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Rugby Union: Michael Cheika targets 'biggest trophies' as rugby icon takes over at Leicester

Michael Cheika is aiming to restore Leicester to the pinnacle of European rugby following his appointment as head coach.

In a coup for the Gallagher Premiership, the former Australia and Argentina boss succeeds Dan McKellar, who parted company with the Tigers on Saturday after only one season in charge.

Cheika starts work on Monday when pre-season begins and Leicester will he hoping his arrival will end a lengthy period of upheaval in the coaching department.

Apart from winning the Premiership title in 2022 when current England boss Steve Borthwick was at the helm, success at Mattioli Woods Welford Road has been elusive and they finished eighth in the league last season.

“I want Leicester competing on as many fronts as we can, every time we go out and play together. It’s just one step at a time, together, to build the foundations,” Cheika said.

“Every player and every team want to win trophies – you aren’t playing the game if you don’t want to win – but there is a difference between wanting to win and doing what’s necessary to win. That is what I’ll be doing.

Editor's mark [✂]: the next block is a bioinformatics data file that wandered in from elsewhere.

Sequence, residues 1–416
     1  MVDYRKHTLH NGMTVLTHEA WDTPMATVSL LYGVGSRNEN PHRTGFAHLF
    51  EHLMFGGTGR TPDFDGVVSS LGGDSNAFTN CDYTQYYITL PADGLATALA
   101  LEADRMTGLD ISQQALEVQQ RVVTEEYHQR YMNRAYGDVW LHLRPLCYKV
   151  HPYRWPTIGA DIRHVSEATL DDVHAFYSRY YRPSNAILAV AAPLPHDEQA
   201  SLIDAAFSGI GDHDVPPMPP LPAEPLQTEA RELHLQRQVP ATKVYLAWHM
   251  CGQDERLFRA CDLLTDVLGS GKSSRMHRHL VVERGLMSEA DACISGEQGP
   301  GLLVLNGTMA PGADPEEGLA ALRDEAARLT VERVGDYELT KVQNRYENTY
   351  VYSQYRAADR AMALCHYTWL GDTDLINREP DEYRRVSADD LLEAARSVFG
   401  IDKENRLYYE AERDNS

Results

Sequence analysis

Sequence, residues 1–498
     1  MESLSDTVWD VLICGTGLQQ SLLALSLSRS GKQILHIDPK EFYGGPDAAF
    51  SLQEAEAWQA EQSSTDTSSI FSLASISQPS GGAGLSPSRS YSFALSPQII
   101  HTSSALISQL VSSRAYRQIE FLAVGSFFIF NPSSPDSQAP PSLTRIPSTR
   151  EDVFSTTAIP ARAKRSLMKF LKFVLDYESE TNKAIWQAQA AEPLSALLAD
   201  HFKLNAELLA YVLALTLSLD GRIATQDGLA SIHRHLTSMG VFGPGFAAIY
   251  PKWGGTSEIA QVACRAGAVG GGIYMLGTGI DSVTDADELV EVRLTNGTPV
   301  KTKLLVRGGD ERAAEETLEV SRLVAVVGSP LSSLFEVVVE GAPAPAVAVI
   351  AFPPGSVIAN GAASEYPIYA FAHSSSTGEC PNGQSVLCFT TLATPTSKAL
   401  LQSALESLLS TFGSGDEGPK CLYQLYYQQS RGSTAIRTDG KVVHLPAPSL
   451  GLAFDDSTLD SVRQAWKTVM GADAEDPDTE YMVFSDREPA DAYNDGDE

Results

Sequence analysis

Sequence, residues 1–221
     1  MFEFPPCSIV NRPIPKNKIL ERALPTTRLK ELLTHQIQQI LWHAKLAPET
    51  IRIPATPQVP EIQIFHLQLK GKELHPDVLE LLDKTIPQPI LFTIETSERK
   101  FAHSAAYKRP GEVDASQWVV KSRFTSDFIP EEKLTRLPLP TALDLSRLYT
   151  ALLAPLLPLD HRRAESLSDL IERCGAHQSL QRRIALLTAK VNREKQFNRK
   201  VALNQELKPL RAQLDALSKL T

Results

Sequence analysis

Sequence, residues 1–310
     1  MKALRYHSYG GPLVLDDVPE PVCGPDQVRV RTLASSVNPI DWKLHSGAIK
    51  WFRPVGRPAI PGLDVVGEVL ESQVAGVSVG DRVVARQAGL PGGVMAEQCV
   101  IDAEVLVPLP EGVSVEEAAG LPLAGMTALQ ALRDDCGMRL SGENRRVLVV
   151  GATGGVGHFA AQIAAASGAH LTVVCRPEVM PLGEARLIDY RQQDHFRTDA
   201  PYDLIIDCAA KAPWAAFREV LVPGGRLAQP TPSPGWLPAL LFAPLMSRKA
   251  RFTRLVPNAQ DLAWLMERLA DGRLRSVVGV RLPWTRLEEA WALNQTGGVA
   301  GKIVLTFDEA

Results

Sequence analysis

“English teams have been well represented in the top tier of Europe for a while now and we want to get ourselves up to that place as well now, making sure that Leicester are back to competing for the biggest trophies.”

Cheika held talks with Leicester a year ago as part of the recruitment process that led to McKellar’s appointment and he was seeking a return to rugby league before the Tigers approached him again in the wake of his compatriot’s departure.

The 57-year-old Australian coached Lebanon at the 2021 rugby league World Cup and also spent time at the Sydney Roosters as an assistant.

His last union post was guiding Argentina to fourth-place finish at last autumn’s World Cup, losing to England in the bronze final. At club level he has previously been in charge of Leinster and Stage Francais.

“Honestly, I wasn’t looking at the Premiership and didn’t have the desire to coach in it until Leicester came to me. But the opportunity to coach at Tigers and lead this group of players turned my head,” he said.

“I want this to be my best coaching yet. I want the preparation and the way we lead the team, to be at my best level.

“If I can bring my best level, other people will bring their best level and good things will start to happen around us.”

Leicester chief executive Andrea Pinchen admits the off-season disruption to the coaching team – assistant Dan Palmer also left this week – is unsatisfactory.

“I accept that the past week is not what fans expected – and nor did we – but the decisions we have made are for the long-term benefit of Leicester,” Pinchen said.

“After lengthy, detailed and very honest conversations with Michael in recent days, we are on the same page about what is now necessary to see this club back on top.”

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